It’s still wet! Wet wet wet!
Everything in the garden is done at breakneck speed as we literally only have one clear day between multiple wets. Are there still climate change deniers out there? Seriously?
Spring has sprung upon us and scared the hell out of us with three days of 18-26 this week! We literally watched the blossom emerge from the trees and then fall before we could even rush to get cameras and things, in between dashing around with a hose, moistening dry soil.
But then all day yesterday it rained and so the garden is looking satiated and as if it now has time to really think about spring. It’s about 13 today and a few things have opened. One must take the time to look because one finds spring is done and dusted in our neck of the woods in next to no time.
I haven’t been around for awhile. It’s not that I haven’t been in the gardens, not at all. It’s just that my writerly work requires long hours at the screen and I couldn’t face blogging. It’s also difficult to load things where we live on the coast, as our internet has slowed dramatically and mostly, I have to work off my phone. But happy with progress on the latest manuscript, and with a hot chocolate drink seasoned with marshmallows and Lindt chocolate shavings, I feel revived enough to post about the gardens.
We’ve finally sunk into a true winter burst, with chilly temps and snow on the mountains. Whilst the snow will be gone by Monday, the cooler temperatures remind us that we need to consider frosts and planting seeds for spring. We’ve planted broad beans in the veggie garden (traditionally on Anzac Day April 25th, here in Tasmania but we’ve planted as late as August) and begun to rest and feed the veggie garden. There’s always more for us to do in our garden in autumn/winter, I love it. Pruning, feeding, mulching, planting, planning – and so we’ve begun.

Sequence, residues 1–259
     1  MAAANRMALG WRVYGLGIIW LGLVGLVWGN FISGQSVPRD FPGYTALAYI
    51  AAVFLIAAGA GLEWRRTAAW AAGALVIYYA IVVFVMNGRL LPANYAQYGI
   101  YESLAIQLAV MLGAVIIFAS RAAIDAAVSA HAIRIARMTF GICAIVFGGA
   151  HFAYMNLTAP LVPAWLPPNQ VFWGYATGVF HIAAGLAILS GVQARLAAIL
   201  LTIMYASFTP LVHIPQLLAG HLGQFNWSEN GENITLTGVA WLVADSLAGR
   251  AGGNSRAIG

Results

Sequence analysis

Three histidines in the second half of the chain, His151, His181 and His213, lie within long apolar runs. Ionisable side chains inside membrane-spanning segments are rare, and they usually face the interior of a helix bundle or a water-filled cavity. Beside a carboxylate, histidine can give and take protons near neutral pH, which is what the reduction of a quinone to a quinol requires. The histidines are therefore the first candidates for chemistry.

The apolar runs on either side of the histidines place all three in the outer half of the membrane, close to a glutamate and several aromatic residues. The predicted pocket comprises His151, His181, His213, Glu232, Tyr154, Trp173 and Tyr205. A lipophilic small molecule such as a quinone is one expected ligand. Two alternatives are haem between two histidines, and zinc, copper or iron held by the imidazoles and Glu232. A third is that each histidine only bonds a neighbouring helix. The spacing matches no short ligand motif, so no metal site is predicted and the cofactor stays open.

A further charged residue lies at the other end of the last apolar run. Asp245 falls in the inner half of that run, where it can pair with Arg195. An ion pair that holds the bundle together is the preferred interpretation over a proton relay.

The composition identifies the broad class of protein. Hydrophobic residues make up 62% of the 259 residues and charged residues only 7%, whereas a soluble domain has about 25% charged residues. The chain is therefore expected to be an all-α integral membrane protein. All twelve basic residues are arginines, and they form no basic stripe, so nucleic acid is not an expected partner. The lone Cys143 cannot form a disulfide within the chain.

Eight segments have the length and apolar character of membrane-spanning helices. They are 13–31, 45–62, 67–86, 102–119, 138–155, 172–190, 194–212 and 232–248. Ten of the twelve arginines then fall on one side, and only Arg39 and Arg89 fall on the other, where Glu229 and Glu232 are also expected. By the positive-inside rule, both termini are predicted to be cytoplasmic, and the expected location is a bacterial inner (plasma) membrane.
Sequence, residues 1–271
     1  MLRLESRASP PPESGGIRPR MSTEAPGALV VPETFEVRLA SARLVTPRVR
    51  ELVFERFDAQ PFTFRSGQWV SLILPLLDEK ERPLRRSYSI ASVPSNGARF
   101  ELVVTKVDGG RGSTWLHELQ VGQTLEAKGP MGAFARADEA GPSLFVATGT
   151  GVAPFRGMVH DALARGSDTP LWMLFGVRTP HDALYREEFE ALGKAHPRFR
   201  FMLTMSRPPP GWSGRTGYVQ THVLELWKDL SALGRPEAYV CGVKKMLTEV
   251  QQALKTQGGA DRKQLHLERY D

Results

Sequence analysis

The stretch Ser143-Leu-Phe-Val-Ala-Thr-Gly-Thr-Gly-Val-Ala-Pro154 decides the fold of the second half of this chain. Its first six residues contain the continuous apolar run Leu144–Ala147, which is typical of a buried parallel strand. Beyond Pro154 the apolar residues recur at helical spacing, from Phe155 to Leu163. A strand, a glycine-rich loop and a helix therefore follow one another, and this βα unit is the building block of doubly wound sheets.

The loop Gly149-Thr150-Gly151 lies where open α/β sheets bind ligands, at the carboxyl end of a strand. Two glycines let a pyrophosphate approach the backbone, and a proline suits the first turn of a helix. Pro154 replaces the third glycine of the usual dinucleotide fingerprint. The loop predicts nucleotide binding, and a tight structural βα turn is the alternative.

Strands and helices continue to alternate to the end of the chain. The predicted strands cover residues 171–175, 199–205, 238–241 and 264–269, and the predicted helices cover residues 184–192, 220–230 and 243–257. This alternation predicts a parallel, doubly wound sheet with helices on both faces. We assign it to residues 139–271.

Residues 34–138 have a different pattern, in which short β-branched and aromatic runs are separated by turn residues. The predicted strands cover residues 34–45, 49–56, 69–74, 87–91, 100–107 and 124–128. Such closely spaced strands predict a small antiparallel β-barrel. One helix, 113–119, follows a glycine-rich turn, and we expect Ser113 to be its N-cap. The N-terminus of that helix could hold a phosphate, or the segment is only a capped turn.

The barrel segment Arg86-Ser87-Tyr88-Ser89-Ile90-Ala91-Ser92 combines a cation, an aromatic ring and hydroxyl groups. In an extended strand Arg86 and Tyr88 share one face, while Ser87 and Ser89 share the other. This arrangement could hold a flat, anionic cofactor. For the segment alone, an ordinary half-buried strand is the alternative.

We’re back in our big garden on the coast after dallying in the city last week and I was happy to see the garden breathing again as temperatures drop and the nights have welcome dews. This garden suffers in summer, as I’ve mentioned before, and in order to try and create a more temperate micro-climate, we’ve slowly been filling the old orchard with trees of all sorts. Hopefully they’ll act as not just wind protection, but feedlots for birds and insects AND lower the overall summer temperature of the whole garden. Trouble is, it may not be in my life time. But that’s gardening, isn’t it? A measure of future-proofing?
Autumn supposedly begins here in the southern hemisphere on the first of March, but I’d venture that it actually began a couple of weeks ago. For a start after a pretty bad summer (grey skies, not much sun and warmth, rain and windy windy, all because of El Nina)…
Our big garden is tired and begging for autumn to arrive. We’re in the tail end of meshed weather systems today and the humidity is tropical. Rain is falling and the waves are crashing on the beach. The garden needs a good fertilise and for the windiest summer for ages to cease. Hopefully next week I can post on how it looks but in the meantime – on Thursday I was in the city and took some pics of our little Matchbox garden…